Adding BurpSuite CA To The Java Keystore

Just a quick tech note for my own reference in the future.
While testing a Java based thick client, I discovered the developers had left an option to set a proxy right inside the app (handy!). That meant I could throw all the app traffic through BurpSuite, and manipulate it as I wished.

The problem I ran into was that Java didn’t trust the Burp CA. To get around that, I needed to add the CA to the default Java keystore. That turned out to be simple enough, the main thing to know was where the Java keystore is stored:    $JAVA_HOME/jre/lib/security/cacerts
and what the password is:    changeit

Once I had those, importing was painless:

$ keytool -import -trustcacerts -file ~/burp.cer -alias BURPSUITE -keystore $JAVA_HOME/jre/lib/security/cacerts

Enter keystore password: changeit

Owner: CN=PortSwigger CA, OU=PortSwigger CA, O=PortSwigger, L=PortSwigger, ST=PortSwigger, C=PortSwigger 
Issuer: CN=PortSwigger CA, OU=PortSwigger CA, O=PortSwigger, L=PortSwigger, ST=PortSwigger, C=PortSwigger 
Serial number: 563a4f3e 
Valid from: Wed Nov 04 13:32:30 EST 2015 until: Tue Oct 30 14:32:30 EDT 2035 
Certificate fingerprints: 
        MD5:  AF:5E:1C:E9:D5:18:4B:EC:7D:E3:6C:C7:91:BE:11:F0 
        SHA1: D5:5E:D4:2B:BC:4D:D0:0F:A2:04:97:AC:B8:1E:EB:DA:95:94:60:DB 
        SHA256: 73:F6:FF:6B:63:9C:E6:80:86:A3:63:C6:C5:08:77:F1:69:DA:71:34:4A:E5:7E:1B:33:5A:4B:F4:FD:1F:E1:6
B 
        Signature algorithm name: SHA256withRSA 
        Version: 3 

Extensions: 

#1: ObjectId: 2.5.29.19 Criticality=true 
BasicConstraints:[ 
 CA:true 
 PathLen:0 
] 

#2: ObjectId: 2.5.29.14 Criticality=false 
SubjectKeyIdentifier [ 
KeyIdentifier [ 
0000: 20 1C 1C 67 C2 21 B5 73   21 88 E2 77 6C 1D 2E 80   ..g.!.s!..wl... 
0010: 97 8E B2 D7                                        .... 
] 
] 

Trust this certificate? [no]:  yes 
Certificate was added to keystore

Getting Keytool to Work With BouncyCastle in Ubuntu

This isn’t going to be an earth shattering post of supreme l33t-ness, just a quick note so I don’t forget how to do this:

If you want to get the Bouncy Castle provider working in Ubuntu – so you can do things like, say, update the cacerts.bks on an Android device with the PortSwiggerCA.crt to MiTM SSL traffic from a mobile device – you need to do the following things:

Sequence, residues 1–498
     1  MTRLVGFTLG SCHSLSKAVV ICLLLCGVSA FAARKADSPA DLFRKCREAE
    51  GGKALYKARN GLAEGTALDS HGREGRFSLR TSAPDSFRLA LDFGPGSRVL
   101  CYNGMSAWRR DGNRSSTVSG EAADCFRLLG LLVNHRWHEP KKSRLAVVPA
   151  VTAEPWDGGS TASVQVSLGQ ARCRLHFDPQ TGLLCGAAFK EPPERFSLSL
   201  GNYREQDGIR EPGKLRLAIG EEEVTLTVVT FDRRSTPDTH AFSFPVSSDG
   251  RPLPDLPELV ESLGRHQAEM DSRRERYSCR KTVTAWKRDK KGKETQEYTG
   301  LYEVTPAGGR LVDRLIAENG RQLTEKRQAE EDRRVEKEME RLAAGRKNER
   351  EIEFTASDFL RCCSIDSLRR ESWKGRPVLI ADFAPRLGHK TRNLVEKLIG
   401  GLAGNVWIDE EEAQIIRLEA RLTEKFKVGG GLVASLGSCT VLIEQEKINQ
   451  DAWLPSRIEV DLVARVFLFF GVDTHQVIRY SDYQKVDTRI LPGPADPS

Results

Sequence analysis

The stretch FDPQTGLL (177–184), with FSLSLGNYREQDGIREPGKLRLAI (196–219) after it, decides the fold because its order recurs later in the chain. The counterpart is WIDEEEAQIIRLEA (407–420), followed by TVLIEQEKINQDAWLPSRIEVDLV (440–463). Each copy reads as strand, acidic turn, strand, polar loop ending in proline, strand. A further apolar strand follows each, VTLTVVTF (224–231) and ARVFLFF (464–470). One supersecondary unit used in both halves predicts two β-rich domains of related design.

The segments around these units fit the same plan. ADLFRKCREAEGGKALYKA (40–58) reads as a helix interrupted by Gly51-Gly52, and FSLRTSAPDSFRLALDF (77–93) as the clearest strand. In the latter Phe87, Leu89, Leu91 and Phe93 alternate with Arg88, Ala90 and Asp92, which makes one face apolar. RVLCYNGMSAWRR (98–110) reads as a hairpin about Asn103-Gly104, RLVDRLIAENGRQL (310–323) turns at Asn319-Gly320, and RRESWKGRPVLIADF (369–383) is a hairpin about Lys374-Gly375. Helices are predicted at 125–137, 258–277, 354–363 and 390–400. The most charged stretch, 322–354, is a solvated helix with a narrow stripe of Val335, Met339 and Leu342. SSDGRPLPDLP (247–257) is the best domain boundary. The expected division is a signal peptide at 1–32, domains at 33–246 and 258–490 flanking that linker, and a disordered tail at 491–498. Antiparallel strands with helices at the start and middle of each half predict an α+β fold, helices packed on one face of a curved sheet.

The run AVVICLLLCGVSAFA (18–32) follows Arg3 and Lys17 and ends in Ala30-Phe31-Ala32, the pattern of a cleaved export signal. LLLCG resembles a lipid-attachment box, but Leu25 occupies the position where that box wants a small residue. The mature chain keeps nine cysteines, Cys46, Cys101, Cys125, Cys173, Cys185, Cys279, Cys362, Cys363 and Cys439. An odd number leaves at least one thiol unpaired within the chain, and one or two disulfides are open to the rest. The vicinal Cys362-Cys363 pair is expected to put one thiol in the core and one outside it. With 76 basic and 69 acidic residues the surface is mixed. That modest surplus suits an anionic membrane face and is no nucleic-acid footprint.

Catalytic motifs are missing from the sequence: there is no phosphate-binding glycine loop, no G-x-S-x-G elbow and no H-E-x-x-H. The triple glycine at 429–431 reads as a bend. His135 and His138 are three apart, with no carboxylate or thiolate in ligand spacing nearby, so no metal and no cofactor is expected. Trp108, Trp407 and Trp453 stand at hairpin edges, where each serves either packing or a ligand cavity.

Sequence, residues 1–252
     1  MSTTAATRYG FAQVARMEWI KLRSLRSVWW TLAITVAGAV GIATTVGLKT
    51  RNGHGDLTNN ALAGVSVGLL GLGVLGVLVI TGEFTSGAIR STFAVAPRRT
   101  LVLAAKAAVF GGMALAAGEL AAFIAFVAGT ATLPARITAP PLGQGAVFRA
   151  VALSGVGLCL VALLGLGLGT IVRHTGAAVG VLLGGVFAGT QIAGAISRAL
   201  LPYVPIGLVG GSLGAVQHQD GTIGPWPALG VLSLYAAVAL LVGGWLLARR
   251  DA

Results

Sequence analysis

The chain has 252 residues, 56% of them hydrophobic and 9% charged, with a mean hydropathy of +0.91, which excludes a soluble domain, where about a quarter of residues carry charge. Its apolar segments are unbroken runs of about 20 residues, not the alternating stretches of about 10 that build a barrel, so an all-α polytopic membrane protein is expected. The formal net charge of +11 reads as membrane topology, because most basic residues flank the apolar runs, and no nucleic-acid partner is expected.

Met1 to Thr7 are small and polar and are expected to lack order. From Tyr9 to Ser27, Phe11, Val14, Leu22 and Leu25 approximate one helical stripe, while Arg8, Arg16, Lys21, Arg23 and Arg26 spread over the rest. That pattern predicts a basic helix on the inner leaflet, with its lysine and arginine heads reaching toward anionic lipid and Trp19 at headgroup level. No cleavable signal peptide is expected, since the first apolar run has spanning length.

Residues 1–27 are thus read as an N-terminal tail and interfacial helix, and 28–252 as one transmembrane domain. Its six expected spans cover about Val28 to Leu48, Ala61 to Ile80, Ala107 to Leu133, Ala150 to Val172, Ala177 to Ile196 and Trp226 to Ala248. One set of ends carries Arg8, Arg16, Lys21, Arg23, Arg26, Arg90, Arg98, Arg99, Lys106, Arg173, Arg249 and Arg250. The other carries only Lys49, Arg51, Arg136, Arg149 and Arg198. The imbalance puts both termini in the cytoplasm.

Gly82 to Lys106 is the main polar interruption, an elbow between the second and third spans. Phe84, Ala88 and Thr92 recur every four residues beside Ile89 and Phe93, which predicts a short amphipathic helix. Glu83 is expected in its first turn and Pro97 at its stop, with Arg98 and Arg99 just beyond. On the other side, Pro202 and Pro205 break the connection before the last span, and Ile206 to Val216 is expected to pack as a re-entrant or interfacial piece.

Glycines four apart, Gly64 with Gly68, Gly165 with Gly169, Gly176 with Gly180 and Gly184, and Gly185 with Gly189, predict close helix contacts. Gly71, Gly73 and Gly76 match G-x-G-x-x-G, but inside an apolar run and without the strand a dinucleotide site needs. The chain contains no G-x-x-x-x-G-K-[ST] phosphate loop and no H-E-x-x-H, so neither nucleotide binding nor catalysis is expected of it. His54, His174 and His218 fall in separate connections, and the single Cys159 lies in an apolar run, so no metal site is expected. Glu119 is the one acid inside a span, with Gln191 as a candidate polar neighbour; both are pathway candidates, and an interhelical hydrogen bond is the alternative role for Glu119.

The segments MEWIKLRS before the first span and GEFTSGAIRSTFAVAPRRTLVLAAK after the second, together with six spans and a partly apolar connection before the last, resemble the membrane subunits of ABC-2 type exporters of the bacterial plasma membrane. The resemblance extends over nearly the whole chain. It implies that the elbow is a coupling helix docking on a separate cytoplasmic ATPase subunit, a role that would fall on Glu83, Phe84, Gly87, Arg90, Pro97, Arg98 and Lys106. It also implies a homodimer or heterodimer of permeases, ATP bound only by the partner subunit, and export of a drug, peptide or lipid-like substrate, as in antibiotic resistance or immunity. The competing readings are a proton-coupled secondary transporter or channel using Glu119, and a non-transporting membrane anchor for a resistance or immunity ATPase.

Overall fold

1. Download the Bouncy Castle Provider of your choice. As of this post, the version I’m using is here.
  2. Put the .jar file in the following directory:
    /usr/lib/jvm/java-6-sun/jre/lib/ext
  3. Add the following to /usr/lib/jvm/java-6-sun/jre/lsecurity/java.security:
    security.provider.9=org.bouncycastle.jce.provider.BouncyCastleProvider
  4. Run the following command:
    keytool -keystore cacerts.bks -storetype BKS -provider org.bouncycastle.jce.provider.BouncyCastleProvider -storepass changeit -importcert -trustcacerts -alias PortSwiggerCA -file PortSwiggerCA.crt
For completeness, the cacerts.bks file can be pulled off the Android device using:
adb pull /system/etc/security/cacerts.bks
You’ll need to remount the /system file system as read-write to push the modified one back, you can do that using the following command (from the adb shell):
# mount -o rw,remount /dev/block/system /system
A side note: it seems that IE9 and Chromium browser have decided to disallow the export of untrusted CA certificates (Older Firefox still allows it, but newer ones may not – I didn’t check). As a result, you may have difficulty getting a copy of the PortSwiggerCA.crt file. If you find yourself in that situation, you’re mostly screwed – unless you have the pro version of Burp, which has an export option.